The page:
How Dividends Affect Your Option Income Strategies

Friday, October 11, 2019 - 2:30pm

by Profitable Trad...

There are a number of strategies available to investors that use option contracts to generate attractive levels of income. Two strategies in particular that have become popular with individual investors are selling covered calls and selling puts. These strategies can be implemented through traditional brokerage accounts, as well as through qualified accounts such as IRAs.

Covered Calls: Investors purchase shares of stock and then sell call options against these shares. Selling the call options leaves the investor with an obligation to sell the shares of stock if the price of the stock is above the strike price of the option when the option expires. Income is generated through the proceeds received from selling the call option contracts.

Selling Puts: Investors sell unhedged or "naked" put option contracts on stocks that they expect to trade higher (or at least remain stable). Selling puts obligates the investor to buy shares of stock if the market price falls below the strike price when the option expires. Income is generated through the proceeds received from selling the put option contracts.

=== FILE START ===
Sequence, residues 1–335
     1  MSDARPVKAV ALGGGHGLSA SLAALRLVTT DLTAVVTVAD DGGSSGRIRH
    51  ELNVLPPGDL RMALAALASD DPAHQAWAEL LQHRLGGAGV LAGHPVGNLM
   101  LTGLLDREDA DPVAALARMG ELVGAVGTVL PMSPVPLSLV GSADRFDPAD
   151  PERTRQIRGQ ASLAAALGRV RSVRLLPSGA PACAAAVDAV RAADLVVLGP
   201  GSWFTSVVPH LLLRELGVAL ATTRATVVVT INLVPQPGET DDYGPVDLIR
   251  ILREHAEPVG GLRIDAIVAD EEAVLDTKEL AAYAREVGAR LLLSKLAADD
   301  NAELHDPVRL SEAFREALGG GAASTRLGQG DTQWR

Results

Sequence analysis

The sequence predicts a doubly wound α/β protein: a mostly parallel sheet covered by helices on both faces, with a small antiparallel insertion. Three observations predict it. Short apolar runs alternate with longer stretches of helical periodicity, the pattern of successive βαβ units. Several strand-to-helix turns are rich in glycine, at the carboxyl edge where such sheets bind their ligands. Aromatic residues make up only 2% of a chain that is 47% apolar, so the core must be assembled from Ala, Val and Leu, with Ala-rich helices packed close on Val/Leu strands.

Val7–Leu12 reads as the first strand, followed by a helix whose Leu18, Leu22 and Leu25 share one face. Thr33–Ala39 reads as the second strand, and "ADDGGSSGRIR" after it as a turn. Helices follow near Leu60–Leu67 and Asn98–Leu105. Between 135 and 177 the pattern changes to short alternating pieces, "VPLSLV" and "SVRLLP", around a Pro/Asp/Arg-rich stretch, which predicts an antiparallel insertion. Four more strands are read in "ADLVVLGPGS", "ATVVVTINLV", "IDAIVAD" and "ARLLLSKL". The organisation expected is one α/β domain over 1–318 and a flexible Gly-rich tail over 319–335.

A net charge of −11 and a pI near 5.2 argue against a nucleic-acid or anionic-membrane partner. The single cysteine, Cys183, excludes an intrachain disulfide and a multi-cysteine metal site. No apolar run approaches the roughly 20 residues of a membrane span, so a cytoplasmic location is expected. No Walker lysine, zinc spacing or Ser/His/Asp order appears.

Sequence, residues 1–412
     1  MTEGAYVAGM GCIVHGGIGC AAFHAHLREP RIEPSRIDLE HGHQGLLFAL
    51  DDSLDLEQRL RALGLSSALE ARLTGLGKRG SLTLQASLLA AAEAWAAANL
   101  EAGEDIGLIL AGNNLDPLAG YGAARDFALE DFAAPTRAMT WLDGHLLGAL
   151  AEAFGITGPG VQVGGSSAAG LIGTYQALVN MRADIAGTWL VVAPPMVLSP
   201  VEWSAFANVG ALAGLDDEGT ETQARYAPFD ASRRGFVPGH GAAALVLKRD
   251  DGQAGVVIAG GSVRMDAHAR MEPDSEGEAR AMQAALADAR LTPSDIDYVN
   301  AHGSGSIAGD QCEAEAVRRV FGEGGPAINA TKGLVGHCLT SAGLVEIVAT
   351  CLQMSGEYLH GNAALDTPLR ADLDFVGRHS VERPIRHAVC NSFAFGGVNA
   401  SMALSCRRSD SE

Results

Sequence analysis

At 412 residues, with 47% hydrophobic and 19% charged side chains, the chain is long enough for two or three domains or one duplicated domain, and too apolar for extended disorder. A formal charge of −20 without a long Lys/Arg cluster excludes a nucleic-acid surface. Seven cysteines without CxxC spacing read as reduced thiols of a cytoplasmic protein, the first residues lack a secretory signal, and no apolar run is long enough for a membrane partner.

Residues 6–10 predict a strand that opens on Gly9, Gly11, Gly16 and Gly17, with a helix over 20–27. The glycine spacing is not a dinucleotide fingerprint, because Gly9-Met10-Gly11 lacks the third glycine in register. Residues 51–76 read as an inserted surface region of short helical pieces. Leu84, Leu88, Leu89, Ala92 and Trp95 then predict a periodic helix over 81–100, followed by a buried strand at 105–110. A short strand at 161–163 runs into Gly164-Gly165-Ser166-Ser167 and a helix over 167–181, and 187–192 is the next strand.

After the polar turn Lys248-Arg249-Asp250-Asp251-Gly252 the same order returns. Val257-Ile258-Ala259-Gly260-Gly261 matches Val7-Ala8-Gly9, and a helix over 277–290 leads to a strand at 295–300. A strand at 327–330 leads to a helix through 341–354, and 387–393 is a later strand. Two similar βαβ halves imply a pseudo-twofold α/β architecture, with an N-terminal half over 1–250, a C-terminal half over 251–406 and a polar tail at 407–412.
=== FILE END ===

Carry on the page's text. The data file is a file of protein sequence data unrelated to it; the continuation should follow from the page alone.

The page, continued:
One thing many investors miss when setting up these types of trades is the effect of dividends. While the covered call and naked put selling strategies are similar in that they create income from selling option contracts, and that they both work best using stocks that have a bullish bias, dividend payments affect these strategies differently.

How Dividends Affect Covered Call Trades
For covered call trades, dividend payments can make a big difference when it comes to the annualized or per-year returns that we expect to receive from the trade. This is because, as shareholders, we are entitled to receive the dividend payment unless the call option buyer decides to exercise his right to buy the shares from us early.

Basically, dividend payments affect our covered call returns in one of two ways:

1. We may receive the dividend payment alongside the income that we generate from selling call contracts. For a stock that has a 2% dividend yield, a quarterly dividend payment could add 0.5% to our return for the duration of the covered call trade. If we are setting up the trade to be completed in a four-to-eight-week time frame, that 0.5% addition to our income could result in a big boost to our rate of return.

2. The owner of the call option may choose to exercise his right early. While most option contracts are held until expiration (or sold to close the contracts out), the owner of an American-style option has the right to exercise the contract early. This early exercise usually only makes sense when there is a dividend that is being paid.

As sellers of call option contracts, we have no control over whether the call options are exercised early or not. But if the owner of the call contract chooses to exercise his option to buy the stock early, we still benefit, capturing our expected profit on the stock in a shorter time period. When you calculate an annual return based on a shorter time frame, the per-year return actually increases.